PE Week Wire: Wed., April 23, 2008

Warburg Pincus yesterday announced that it has closed its tenth fund with $15 billion, or nearly twice what it secured for its ninth fund in 2005. It’s also $3 billion more than the firm was targeting when it began fundraising last May.

This certainly fits the recent mega-firm pattern, in which Bain, KKR and others have raised record amounts despite a paucity of new deal opportunities. Fee today, call-down in a few hundred tomorrows (unless they spot a problematic PIPE or cratering leveraged loan portfolio).

I had really wanted Warburg Pincus to help retard this trend, which skates the thin line between optimism and greed. Few other firms exude the same spirit of independent thinking – having been an early adopter of globalization and stubborn defender of transacting both massive LBOs and early-stage venture deals out of the same fund. If there was any firm willing to stand on objectivity, it would have been Warburg.

But, alas, it was not to be. Maybe I should have been stripped of my delusions when Warburg propped up MBIA, in a bid to replicate its long-ago success with Mellon Bank (Question: Did LPs who came in on the final close get some sort of discount?). I guess Warburg is willing to stand apart, but not too far apart.

So Blackstone is the now the only fundraising firm left with enough gravitas to help stem market overcapitalization, but looking to Blackstone for moderation is like looking to the Boston Bruins for a Game 7 goal. Sure a few big firms will claim fundraising sanity, but beware the difference of intentional and unintentional fundraising scale-back (yeah, I’m gazing toward Chicago)…

Warburg Pincus would likely respond that it has a flexibile enough investment strategy to handle macro-economic fluxuations, and that it’s investing for the long-term (Note: It declined to comment for this piece). Fine, but it’s a specious argument.

How can any private equity firm claim that it requires the same amount of money today that it did in May 2007? Even if Warburg plans to do the exact same number of deals, many of them will require less cash due to decreased valuations. In fact, the only reason Warburg was raising more money in the first place was because the private equity targets were getting larger and more expensive. Doesn’t what goes up also go down?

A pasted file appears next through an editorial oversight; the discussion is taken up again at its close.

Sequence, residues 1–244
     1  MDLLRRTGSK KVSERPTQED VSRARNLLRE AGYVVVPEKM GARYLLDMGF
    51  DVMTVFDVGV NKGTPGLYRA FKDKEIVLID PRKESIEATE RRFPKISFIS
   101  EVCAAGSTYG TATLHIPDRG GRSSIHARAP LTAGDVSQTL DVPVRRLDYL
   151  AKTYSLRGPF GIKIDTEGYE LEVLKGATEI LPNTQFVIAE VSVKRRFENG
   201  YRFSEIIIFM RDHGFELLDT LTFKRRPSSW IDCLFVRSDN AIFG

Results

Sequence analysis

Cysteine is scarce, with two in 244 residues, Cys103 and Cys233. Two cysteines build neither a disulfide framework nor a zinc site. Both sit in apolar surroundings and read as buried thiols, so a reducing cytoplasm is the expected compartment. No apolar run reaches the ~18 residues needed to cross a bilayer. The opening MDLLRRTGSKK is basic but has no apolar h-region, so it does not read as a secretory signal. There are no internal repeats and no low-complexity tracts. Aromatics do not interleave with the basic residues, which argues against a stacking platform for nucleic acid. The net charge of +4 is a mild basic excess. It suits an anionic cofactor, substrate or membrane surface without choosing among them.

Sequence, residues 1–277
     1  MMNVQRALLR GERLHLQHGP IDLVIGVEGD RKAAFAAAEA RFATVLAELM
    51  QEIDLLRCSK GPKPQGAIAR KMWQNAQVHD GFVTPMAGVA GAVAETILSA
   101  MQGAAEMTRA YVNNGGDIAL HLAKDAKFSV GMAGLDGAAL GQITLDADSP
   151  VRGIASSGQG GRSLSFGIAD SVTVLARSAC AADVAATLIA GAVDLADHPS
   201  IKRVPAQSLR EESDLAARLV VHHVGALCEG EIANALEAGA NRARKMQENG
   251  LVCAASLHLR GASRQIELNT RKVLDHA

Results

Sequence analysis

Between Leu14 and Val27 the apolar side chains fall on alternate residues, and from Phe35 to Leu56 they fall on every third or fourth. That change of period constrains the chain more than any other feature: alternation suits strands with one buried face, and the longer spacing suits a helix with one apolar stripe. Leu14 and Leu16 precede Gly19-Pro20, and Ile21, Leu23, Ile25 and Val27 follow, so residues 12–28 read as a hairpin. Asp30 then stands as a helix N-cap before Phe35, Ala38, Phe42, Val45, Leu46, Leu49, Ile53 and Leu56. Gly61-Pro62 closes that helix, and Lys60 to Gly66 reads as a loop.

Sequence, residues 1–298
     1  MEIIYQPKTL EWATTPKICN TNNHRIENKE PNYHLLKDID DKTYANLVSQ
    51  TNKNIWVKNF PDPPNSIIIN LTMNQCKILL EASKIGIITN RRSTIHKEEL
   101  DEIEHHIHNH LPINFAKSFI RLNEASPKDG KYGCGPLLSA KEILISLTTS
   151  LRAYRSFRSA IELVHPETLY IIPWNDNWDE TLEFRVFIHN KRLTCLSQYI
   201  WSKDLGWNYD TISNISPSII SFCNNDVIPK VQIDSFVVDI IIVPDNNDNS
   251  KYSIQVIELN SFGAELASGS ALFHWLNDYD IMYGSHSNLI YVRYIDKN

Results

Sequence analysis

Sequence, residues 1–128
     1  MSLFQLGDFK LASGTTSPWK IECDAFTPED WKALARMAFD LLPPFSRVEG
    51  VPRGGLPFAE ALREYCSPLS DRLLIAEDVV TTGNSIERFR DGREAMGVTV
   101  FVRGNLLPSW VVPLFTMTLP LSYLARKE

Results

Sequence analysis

Finally, it’s worth emphasizing that LPs share much blame for this fool’s goldrush. I keep hearing investors complain about 2008 fund sizes and strategy drift, but then learn that Warburg got its highest-ever level of LP re-ups. If you don’t want mega-firms raising so much money, then don’t increase your commitments. It’s just as simple as it sounds…

Top Three

CVC Capital Partners has agreed to buy a 73.2% stake in Dutch supermarket chain Schuitema NV from Ahold. The deal is valued at €950 million.

GlaxoSmithKline (NYSE: GSK) has agreed to acquire Sirtris Pharmaceuticals Inc. (Nasdaq: SIRT), a Cambridge, Mass.-based developer of therapeutics that modulate an enzyme family called sirtuins The deal is valued at approximately $720 million in cash. Sirtris went public last May at $10 per share, for a $278 million valuation. It had previously raised $67 million in VC funding (plus $15m in venture debt), from firms like Polaris Venture Partners, TVM, Cardinal Health Partners, Skyline Ventures, Wellcome Trust, Three Arch Partners, Novartis, Cargill Ventures, Cyad Group, Hunt Ventures, Red Abbey, Bessemer Venture Partners, Genzyme Ventures, QVT Fund and Alexandria Real Estate Equity.

Morgan Stanley today announced plans to launch a private equity unit in India, where it already has investment banking and asset management operations. Aluri Srinivasa Rao will run the new effort, which launches May 1. peHUB reported earlier this month that Rao had resigned as a director of life sciences investments with ICICI Venture.

VC Deals